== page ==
Martin Small, the subject of the new book, Remember Us: From my shtetl through the Holocaust, appeared at his synagogue in Boulder Thursday night, June 19, 2008 for a book signing along with writer Vic Shayne. This event was scheduled to be a little gathering for a book signing, but with the great organization of Rabbi Marc Soloway and his staff at synagogue Bonai Shalom, there was not one book left unsold within a couple of hours.
Vic Shayne spoke about the process of writing this book as it was told to him by Holocaust survivor, 91-year-old Martin Small, resident of Broomfield, CO. Shayne said that although Martin Small’s life is filled with painful memories, it would be even more painful not to remember, and he referred to Mr. Small as a hero whose book is no less than the story of a hero’s journey.
Shayne also elaborated on Mr. Small’s unusual ability to remember details, names, places and events that live in his memory from more than seven decades in the past. Some of these memories, said the writer, came to Mr. Small in the middle of the night, embedded in dreams and nightmares, adding to the pain and tears that went into this book.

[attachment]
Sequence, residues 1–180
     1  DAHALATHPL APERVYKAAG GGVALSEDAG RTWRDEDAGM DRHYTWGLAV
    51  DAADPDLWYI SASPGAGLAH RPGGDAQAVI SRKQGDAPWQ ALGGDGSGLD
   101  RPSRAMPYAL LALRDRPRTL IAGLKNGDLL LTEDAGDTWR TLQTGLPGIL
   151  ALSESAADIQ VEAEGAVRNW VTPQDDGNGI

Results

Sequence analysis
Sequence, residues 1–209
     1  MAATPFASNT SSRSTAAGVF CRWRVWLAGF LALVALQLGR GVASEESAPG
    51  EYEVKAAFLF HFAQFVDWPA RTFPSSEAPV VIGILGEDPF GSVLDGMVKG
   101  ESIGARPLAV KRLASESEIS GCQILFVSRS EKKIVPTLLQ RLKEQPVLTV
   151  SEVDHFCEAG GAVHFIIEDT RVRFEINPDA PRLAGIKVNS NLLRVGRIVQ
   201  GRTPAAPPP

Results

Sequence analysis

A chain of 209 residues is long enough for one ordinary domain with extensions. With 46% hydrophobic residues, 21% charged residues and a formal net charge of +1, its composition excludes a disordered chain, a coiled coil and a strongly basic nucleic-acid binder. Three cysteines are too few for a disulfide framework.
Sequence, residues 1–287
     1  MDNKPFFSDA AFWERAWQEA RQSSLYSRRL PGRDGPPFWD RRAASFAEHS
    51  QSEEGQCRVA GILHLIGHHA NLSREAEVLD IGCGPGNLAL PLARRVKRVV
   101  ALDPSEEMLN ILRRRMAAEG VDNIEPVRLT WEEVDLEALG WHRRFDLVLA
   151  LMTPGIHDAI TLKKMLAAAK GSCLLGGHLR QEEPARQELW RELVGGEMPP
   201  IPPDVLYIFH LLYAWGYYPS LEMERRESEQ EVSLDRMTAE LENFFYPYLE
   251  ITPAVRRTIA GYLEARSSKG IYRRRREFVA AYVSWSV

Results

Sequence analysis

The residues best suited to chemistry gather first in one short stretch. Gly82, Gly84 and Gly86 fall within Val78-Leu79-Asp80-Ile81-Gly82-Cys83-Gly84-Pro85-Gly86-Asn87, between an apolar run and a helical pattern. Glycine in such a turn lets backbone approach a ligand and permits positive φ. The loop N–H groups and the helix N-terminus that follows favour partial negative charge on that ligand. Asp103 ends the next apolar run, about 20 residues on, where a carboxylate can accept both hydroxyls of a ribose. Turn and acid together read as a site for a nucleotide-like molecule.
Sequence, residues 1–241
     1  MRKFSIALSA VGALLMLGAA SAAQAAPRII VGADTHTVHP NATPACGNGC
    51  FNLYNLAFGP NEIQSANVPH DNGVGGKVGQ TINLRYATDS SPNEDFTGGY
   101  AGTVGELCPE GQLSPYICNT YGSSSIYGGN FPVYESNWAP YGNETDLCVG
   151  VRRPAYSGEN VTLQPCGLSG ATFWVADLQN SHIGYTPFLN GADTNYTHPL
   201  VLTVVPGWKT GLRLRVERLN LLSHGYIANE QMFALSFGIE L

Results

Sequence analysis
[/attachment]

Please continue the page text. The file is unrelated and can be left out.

Speaking from the audience, Shael Siegel, who, with his wife Myrna, traveled twice to Mr. Small’s hometown of Maitchet, Poland, agreed with Vic Shayne’s assessment of Mr. Small’s uncanny memory. Mr. Siegel relayed how Mr. Small remembered every street and landmark in his hometown of Maitchet well enough to draw a detailed map for the Siegels that turned out to be not only accurate and useful, but also more detailed than the city officials were able to provide.
Myrna and Shael Siegel’s trip to Maitchet was a bittersweet journey. Mrs. Siegel was able to visit the site of her (Boretsky) family’s flour mills and neighborhood as well as the burial site of more than 3,600 Jews (including members of her and Martin Small’s family) who were murdered by their Polish neighbors in July 1942 when the Nazis invaded the Belarus shtetl. Pictured (right) is a photograph of a monument transcribed in Russian and Hebrew mourning the massacre. It remains at the edge of the forest in Maitchet, the site of the mass murder. This photograph, provided by Myrna Siegel, appears in Martin Small’s memoirs along with other depictions of Maitchet.